Checked out my 06 that I shot my car with.

Discussion in 'Technical Questions & Information' started by cpttango30, Nov 20, 2012.

  1. bustedmp

    bustedmp New Member

    Jul 3, 2012
    Shamokin PA.
  2. Inthewind1976

    Inthewind1976 Member

    Oct 1, 2008
    Central Pennsylvania
    First of all, trim the screw. Doesnt matter if its a mauser, enfield, springfield, model 70, model 700, or any of 100 other bolt action rifles, its not uncommon to have to trim this screw, ESPECIALLY if you replace the stock, or modify the general alignment of the magazine like you have to to remove the hump of an enfield to make it as sleek as the Model 30 lines. Secondly, glass in the two action screws by enlarging the holes, coating the screws THOROUGHLY with release agent, and glassing the holes in the stock keeping in mind that you ESPECIALLY dont want to overtighten the screws because if the 'glass winds up looking in CROSS SECTION like a capital letter "I" that is the best scenario; the larger diameter with the top and bottom parts of the "I" act sort of like washers in a way, to limit or eliminate any further crushing of the wood in the tang and recoil area action screw passages. This is ESPECIALLY true of most older Savage 110's and the stevens/springfield copies of em. The stocks are made of birch, which is SIGNIFICANTLY softer than walnut or maple, and tend to almost ALWAYS crush to some extent. This is true of the "hardwood" stocks used on most Winchester Ranger's and on the Remington 788. You will also find that the tang area of many less expensive synthetic stocks, like Choate and RamLine are actually HOLLOW in this area, and consist of a little plastic "tab" at the top and bottom of the tang area action screw which will not only "crush" but can completely crack out of the stock's pistol grip body casting. Aluminum or steel pillar "tubes" are also a possibility, BUT......they need to be SECURED in place, not free floating from top to bottom as this WILL affect accuracy in differing weather (heat and humidity) conditions. I dont see anything in the beginning about an accidental discharge, but assume from some of the comments that this may have been mentioned in an earlier thread.............I must say, I am not an expert on the Enfield action having only owned one over the years, and no longer do, so I cant tear into it to check out the "guts" but.............that having been said, the action screw situation should not THEORETICALLY have an affect on the safety of the safety mechanism, sear/trigger engagement, etc. Sounds to me like a trip to the gunsmith is in order, unless you are comfortable with personally disassembling and checking the match up of these surfaces; the contact surfaces of the sear to trigger mechanism should be the entire crux of the issue unless there is something VERY different about the mechanics of an Enfield compared to most any cock on closing action. In any event, retiring the rifle for these issues is akin to retiring your pickup because it needs a starter and new tires; kinda premature.............??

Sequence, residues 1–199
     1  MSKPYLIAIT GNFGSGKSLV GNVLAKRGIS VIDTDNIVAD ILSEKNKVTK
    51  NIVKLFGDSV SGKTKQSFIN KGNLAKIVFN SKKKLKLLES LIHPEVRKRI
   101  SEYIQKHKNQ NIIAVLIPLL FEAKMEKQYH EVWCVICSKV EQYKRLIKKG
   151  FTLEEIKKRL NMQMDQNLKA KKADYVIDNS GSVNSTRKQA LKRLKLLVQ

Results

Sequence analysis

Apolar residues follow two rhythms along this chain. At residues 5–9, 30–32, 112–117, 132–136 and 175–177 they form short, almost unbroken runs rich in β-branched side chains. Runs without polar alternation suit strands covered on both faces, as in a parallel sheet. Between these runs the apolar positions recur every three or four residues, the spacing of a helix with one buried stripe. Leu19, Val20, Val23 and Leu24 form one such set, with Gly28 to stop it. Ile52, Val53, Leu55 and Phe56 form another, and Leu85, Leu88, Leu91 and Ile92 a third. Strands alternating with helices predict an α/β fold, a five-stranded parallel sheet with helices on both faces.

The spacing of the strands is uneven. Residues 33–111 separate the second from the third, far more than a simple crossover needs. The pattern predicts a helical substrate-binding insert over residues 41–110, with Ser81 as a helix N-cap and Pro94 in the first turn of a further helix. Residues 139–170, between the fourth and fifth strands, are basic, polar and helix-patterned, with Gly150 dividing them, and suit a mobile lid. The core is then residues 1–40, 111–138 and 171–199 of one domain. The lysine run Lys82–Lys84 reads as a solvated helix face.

Last edited: Nov 26, 2012
  3. roundball

    roundball Member

    Dec 13, 2008
    Might do well to back the rear screw out and see if the the problem is there or if some citizen has been monkeying with the trigger/sear. Back in the day there were some modifications sold that were downright dangerous. Seems like Remington later modified the bolt and trigger but the earlier Model 30's used GI parts. It may prove beneficial to look for the simplest answer to this problem first-a butchered up trigger assembly. S picture that would show how the trigger guard and receiver fit it the stock would be helpful.
  4. Jim K

    Jim K New Member

    Dec 6, 2009
    If you plan to restock the rifle, I suggest not trimming the screw until you do. Otherwise you might find it too short with the new stock.

  5. CHW2021

    CHW2021 Member

    Feb 16, 2009
    I resolved a similar issue by installing a washer under the rear screw hole of the trigger guard to keep the screw from over tightening and pulling the trigger guard into the now crushed stock resess. Shortening the screw was the other option, but the rear of the guard would still have pulled in below the wood line.
    Would you post a picture of the trigger area of the stock with and without metal?
  6. Buffalochip

    Buffalochip Active Member

    Oct 22, 2008
    It could have been much worse--you might have shot MY car...
  7. whirley

    whirley Member

    Jan 27, 2008
    Easiest thing to do is put a couple of washers to shim out the space between the trigger guard and receiver. You can also shorten the screw. All 1917;s were "cock on closing". However many have been modified by their owners to cock on opening. All had the 2 stage military trigger which I prefer, however single stage Timney adjustable triggers are available at Brownells.
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